Quebec senator quits Conservative party after Poilievre victory



A Quebec senator says Pierre Poilievre’s first week as Conservative leader has left him “comfortable” with his decision to quit the party.

Sen. Jean-Guy Dagenais had supported former Quebec premier Jean Charest in the recent leadership race, and hasn’t sat in the Conservative senators caucus since 2019.

He left while Andrew Scheer was still leader over concerns including Scheer’s struggle during that fall’s federal election campaign to articulate his social conservative views around abortion.

On Friday, Dagenais said he decided to fully leave the party over the weekend following Poilievre’s massive victory in which he found widespread support in Quebec.

“It’s not my value,” he said in an interview Friday.

Dagenais said he disagreed with Poilievre’s support of last winter’s trucker convoy in Ottawa as well as his proposal to fire the governor of the Bank of Canada and cut government funding to the Canadian Broadcasting Corp.

Poilievre had been heavily expected to win the contest, but still surprised some with the size of his victory, which many — but not all — Conservatives believe will provide the party with the unity it has lacked since losing power to the Liberals in 2015.

Poilievre campaigned on the central rallying cry of freedom — a message he believes all Conservatives, regardless of their specific political interests, can support.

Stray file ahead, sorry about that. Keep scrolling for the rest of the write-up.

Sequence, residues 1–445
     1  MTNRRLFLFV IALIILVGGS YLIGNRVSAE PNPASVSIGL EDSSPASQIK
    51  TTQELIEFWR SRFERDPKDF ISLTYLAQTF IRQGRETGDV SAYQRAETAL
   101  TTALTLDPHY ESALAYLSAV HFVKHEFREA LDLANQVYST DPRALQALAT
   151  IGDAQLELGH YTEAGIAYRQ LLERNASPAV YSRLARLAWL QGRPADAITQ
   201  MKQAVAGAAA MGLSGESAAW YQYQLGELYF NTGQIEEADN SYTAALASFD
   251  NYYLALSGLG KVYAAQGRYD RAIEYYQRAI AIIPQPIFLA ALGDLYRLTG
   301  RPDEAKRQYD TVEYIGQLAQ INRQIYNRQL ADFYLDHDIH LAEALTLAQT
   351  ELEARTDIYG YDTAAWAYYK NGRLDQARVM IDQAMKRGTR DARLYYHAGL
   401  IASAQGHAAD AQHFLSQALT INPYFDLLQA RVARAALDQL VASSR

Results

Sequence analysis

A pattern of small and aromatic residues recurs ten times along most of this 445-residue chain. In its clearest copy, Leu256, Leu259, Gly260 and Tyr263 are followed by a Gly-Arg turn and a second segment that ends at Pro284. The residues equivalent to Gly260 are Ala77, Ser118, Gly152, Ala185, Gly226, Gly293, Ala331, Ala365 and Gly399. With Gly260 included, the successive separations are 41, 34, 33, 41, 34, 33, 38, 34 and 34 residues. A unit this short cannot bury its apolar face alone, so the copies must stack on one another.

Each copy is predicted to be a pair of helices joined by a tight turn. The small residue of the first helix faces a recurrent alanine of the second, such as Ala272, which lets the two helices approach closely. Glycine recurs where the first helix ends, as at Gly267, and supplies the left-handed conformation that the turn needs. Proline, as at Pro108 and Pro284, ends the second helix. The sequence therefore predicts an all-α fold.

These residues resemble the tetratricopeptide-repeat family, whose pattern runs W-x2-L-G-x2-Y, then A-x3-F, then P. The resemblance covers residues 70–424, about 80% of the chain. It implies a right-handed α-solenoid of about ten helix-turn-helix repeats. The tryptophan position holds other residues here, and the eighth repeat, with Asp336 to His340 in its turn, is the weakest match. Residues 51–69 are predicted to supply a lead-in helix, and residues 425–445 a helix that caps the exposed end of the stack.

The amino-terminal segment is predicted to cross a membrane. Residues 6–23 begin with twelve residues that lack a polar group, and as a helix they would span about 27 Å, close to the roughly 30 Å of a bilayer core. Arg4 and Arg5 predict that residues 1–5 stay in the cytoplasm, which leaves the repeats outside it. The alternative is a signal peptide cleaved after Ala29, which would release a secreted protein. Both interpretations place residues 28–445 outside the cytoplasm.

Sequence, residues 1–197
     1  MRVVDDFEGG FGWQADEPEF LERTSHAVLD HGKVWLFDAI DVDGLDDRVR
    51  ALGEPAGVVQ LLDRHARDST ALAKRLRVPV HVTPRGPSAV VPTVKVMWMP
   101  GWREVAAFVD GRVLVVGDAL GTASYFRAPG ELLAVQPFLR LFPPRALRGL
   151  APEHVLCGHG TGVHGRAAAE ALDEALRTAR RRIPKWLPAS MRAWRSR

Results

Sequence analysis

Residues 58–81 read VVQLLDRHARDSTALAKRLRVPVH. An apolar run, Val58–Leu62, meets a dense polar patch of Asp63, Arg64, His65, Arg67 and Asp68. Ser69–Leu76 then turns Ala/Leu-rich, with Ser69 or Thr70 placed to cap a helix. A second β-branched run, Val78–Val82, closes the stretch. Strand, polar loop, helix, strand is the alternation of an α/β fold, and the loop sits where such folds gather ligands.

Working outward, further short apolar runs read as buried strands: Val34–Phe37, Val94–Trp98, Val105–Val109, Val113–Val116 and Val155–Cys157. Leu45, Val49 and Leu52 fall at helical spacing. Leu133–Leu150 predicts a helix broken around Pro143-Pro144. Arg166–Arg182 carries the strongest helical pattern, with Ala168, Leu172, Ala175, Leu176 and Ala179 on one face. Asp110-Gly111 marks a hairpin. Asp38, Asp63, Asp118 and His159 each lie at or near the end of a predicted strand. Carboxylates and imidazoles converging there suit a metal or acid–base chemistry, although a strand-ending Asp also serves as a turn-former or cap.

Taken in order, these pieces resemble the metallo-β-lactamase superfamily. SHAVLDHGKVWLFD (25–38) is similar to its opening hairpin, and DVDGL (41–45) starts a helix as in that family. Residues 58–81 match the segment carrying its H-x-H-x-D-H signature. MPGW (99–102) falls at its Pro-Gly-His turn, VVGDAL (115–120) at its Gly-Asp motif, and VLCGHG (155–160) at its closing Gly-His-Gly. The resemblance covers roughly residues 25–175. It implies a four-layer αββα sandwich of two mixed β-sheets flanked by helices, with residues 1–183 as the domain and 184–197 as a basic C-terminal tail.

Dagenais says watching Poilievre’s raucous first press conference with reporters this week affirmed his decision to leave, comparing the performance to that of former U.S. president Donald Trump.

During the event, a reporter repeatedly shouted at Poilievre after being informed the new leader wouldn’t answer questions during his initial media appearance since winning the Conservative leadership. Poilievre eventually agreed to take two questions.

“I remember Mr. Trump,” Dagenais said. “He doesn’t like the media, he prefers to give the information through social media.”

He added: “I’m comfortable with my decision because I cannot support Mr. Poilievre.”

Dagenais also called it “unacceptable” that the Conservative party sent a text message to members in the Quebec riding of now-Independent MP Alain Rayes, who also left the party after Poilievre’s victory.

The party has since apologized for sending the message, which encouraged members to ask Rayes to resign.

In response, Rayes issued a statement saying Canadians will decide for themselves what they think of the situation, but that he will denounce all forms of bullying.

Rayes also had worked to see Charest elected. The former premier ultimately placed a distant second to Poilievre, who received almost 70 per cent of members’ support compared to Charest’s 16 per cent.

The departures of Dagenais and Rayes came as Poillievre met this week with MPs and began appointing his picks to serve in some key party positions.

He enjoyed the support of 62 of the party’s other 118 MPs during the race, many of whom say they believe their caucus is united.

Dagenais says he considers himself to be a progressive conservative and feels others in the party who identify similarly will also leave.

This report by The Canadian Press was first published Sept. 16, 2022.


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